A House committee passed a bill Tuesday that backers say is a statement that Oklahomans value life, but opponents fear could lead to restrictions on abortions, birth control, in vitro fertilization and stem cell research.
The House of Representatives Public Health Committee voted 7-4 to approve a revised form of Senate Bill 1433, which states that life begins at conception.
Rep. Lisa Billy, the House author of the bill, said nothing in the measure would prohibit contraception or in vitro fertilization.
“My goal with this legislation is to simply say that in Oklahoma we value life,” said Billy, R-Lindsay. “This bill is a value statement. ... It will not change anything.”
Billy said her measure is a statement of purpose and not a regulation. SB 1433 now goes to the full House.
Nearly 85 people attended the meeting. Committee Vice Chairman David Derby, R-Owasso, who presided over the 25-minute hearing on the bill, announced no one from the public would be allowed to speak.
Bids to amend the bill were quickly quashed by Rep. Mike Ritze, R-Broken Arrow, who made motions to table them; committee members voted 7-4 to not take them up.
Rep. Jeannie McDaniel, D-Tulsa, proposed adding to the bill that nothing in the measure prohibits a physician from terminating a pregnancy if the life of the woman is endangered. An amendment by Rep. Doug Cox, R-Grove, would have put Billy's assurances it would not interfere with abortions, birth control, in vitro fertilization and stem cell research in writing.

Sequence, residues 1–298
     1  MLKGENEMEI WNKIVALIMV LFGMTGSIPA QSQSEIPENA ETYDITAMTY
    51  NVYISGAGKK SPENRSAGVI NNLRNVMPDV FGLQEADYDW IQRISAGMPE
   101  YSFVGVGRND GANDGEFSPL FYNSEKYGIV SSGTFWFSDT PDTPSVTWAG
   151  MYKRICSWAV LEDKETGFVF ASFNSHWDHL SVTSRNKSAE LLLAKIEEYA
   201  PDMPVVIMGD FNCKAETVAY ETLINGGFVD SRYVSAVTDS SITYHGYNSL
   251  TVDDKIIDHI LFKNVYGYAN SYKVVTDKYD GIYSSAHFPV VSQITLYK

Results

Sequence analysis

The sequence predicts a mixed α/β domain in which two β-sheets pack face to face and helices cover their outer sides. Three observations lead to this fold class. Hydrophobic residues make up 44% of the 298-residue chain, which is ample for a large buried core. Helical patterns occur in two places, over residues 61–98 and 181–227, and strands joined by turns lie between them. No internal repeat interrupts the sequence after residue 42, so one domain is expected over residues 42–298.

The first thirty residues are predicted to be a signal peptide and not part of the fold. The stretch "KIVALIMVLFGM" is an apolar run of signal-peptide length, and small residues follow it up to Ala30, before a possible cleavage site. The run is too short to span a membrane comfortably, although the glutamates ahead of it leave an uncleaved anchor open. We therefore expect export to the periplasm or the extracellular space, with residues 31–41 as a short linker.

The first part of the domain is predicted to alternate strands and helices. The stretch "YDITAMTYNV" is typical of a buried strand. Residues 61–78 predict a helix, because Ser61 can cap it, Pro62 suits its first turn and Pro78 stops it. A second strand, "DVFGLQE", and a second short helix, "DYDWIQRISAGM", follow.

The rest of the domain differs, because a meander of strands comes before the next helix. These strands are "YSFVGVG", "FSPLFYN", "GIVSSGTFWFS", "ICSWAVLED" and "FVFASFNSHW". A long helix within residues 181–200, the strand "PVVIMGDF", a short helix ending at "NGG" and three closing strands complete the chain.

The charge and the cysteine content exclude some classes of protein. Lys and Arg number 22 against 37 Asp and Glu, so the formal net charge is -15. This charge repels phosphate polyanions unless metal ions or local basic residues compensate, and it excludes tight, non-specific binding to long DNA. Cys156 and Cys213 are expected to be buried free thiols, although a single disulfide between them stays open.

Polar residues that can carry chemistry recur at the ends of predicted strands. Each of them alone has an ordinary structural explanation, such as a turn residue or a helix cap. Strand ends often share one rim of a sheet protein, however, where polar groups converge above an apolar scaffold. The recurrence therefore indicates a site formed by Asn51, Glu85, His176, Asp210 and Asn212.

Martha Skeeters, president of the Oklahoma Coalition for Reproductive Justice, said after the meeting that SB 1433 would interfere with the availability of contraception and in vitro fertilization procedures. About 30 members of her group attended the committee meeting.
“It is dangerous to women's health,” said Skeeters, of Norman. “This is the state putting itself in the position of doctors who are trained to make medical judgments.
“This is going to cost the taxpayers of Oklahoma money because it will be challenged,” she said. “The constitutionality of it will definitely be challenged.”
The issue has drawn attention at the state Capitol and nationally. Hundreds gathered last month at the Capitol to protest the measure.
During Senate debate last month, Sen. Constance Johnson, D-Oklahoma City, tried unsuccessfully to get an amendment to the measure that said it was an act against unborn children for men to waste sperm.
Billy said SB 1433 would not create a cause of action against a woman for indirectly harming her unborn child by failing to properly care for herself or failing to follow a program of prenatal care. It would not make women subject to homicide or manslaughter charges for seeking an abortion because abortion is allowed by the U.S. Supreme Court, she said.
The bill is based on a law in Missouri, which was upheld in 1989 by the U.S. Supreme Court, she said.
McDaniel said she is concerned that SB 1433 omits a section of the Missouri law that says the law shall be interpreted and construed subject to the U.S. Constitution and U.S. Supreme Court decisions. Several medical groups, including the Oklahoma State Medical Association, oppose the measure, she said.
Cox, in debating against the measure, said the committee should not pass SB 1433 because a group is trying to get a similar measure on the ballot this fall. An anti-abortion group, Personhood Oklahoma, is trying to get a constitutional amendment on the November ballot that would define a fertilized human egg as a human being and would ban abortions and outlaw certain forms of birth control.
“If you believe in the American system, let's kill this bill and see what the people of Oklahoma have to say,” Cox said.